Angry Iranians marching on capital over water shortages

Blazing heat and water shortages hit Iran in July, especially the province of Khuzestan. The situation prompted protests from angry locals, which have been harshly suppressed. Reports say Iranian security forces used live ammunition and killed at least 8 people.

Dozens of Iranians marched down a major street in Tehran on Monday, online videos show, amid ongoing protests over water shortages in southwestern Iran.

The demonstrators are seen in the videos marching down Jomhuri Islami Avenue — or “Islamic Republic Avenue” in Farsi — and calling on police to support them. Men on motorbikes and those in cars behind them honk their horns in time with their shouts.

The demonstrators later dispersed peacefully. Security forces have maintained a heavier-than-normal presence recently in the Iranian capital.

The semi-official Fars news agency later reported the demonstrations, but blamed them on a power outage at a nearby shopping center on the avenue known for its electronics shops. Fars published a video online that shows police on motorcycles and on foot, at one point talking to the crowd.

While the protests were peaceful, several demonstrators shouted, “Death to the dictator!”

That phrase can lead to the demonstrator being arrested and prosecuted in the Islamic Republic, where the civilian government is overseen by Supreme Leader Ayatollah Ali Khamenei.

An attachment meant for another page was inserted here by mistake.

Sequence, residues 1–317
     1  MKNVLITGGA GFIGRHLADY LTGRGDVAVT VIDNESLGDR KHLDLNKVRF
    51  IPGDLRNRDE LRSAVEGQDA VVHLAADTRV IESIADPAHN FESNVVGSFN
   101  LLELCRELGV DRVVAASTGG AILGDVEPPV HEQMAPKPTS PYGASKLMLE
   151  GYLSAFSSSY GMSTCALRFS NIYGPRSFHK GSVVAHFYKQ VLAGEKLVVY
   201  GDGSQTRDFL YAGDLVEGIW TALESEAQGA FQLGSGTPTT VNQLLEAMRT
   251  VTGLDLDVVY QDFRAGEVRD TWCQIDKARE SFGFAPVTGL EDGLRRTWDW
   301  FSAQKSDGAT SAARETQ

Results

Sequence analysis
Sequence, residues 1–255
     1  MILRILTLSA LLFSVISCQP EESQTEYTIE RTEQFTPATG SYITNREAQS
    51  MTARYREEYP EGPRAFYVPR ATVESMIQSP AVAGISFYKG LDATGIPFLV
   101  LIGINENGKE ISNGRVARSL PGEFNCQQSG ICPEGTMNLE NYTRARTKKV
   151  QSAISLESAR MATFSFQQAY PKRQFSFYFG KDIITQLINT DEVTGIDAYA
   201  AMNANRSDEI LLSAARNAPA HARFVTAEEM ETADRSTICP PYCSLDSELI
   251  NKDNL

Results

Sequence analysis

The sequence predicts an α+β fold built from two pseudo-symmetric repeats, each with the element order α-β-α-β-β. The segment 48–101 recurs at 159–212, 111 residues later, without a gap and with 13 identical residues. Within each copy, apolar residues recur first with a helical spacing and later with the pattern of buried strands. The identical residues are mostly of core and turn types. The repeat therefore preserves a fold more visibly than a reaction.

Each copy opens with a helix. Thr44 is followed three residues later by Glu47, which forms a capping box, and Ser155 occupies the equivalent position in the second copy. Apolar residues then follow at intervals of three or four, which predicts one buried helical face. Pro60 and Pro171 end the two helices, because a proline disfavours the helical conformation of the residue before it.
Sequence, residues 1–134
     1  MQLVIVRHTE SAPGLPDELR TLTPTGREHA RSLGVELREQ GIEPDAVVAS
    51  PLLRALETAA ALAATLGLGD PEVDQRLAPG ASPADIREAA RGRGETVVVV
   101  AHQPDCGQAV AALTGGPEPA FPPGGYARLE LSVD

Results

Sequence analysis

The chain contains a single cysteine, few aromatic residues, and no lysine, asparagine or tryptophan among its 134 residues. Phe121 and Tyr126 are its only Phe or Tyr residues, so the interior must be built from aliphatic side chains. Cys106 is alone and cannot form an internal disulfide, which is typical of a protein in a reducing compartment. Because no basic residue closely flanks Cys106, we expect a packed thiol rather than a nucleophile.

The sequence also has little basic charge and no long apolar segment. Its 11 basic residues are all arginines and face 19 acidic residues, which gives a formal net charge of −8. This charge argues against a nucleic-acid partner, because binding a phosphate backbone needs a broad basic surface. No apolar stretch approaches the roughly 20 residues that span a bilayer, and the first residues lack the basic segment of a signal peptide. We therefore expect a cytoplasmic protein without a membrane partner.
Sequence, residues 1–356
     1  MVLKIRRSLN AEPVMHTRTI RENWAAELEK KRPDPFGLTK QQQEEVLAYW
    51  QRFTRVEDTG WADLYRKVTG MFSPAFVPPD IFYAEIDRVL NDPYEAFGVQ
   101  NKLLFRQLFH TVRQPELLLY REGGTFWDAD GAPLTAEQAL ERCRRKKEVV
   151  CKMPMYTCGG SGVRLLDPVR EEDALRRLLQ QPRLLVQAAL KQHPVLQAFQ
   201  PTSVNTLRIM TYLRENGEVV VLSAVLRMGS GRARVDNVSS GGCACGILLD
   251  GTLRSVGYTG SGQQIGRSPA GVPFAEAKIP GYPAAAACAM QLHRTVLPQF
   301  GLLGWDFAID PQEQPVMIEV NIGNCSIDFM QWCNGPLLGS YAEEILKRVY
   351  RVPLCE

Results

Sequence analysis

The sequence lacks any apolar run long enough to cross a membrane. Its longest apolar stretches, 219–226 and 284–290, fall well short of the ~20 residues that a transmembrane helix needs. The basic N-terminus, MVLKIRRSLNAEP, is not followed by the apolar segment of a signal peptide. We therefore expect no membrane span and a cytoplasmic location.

Iran has faced rolling blackouts for weeks now, in part over what authorities describe as a severe drought. Precipitation had decreased by almost 50% in the last year, leaving dams with dwindling water supplies.

Iran has faced rolling blackouts for weeks now, in part over what authorities describe as a severe drought. Precipitation had decreased by almost 50% in the last year, leaving dams with dwindling water supplies.

The protests in Khuzestan come as Iran struggles through repeated surges of infections in the coronavirus pandemic and as thousands of workers in its oil industry have launched strikes for better wages and conditions.

Iran’s economy also has struggled under US sanctions since President Donald Trump’s 2018 decision to unilaterally withdraw America from Tehran’s nuclear deal with world powers, crashing the value of the Islamic Republic’s currency, the rial.

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Filed under Ecological affairs, Headlines - News, Lifestyle, Political affairs, Welfare matters

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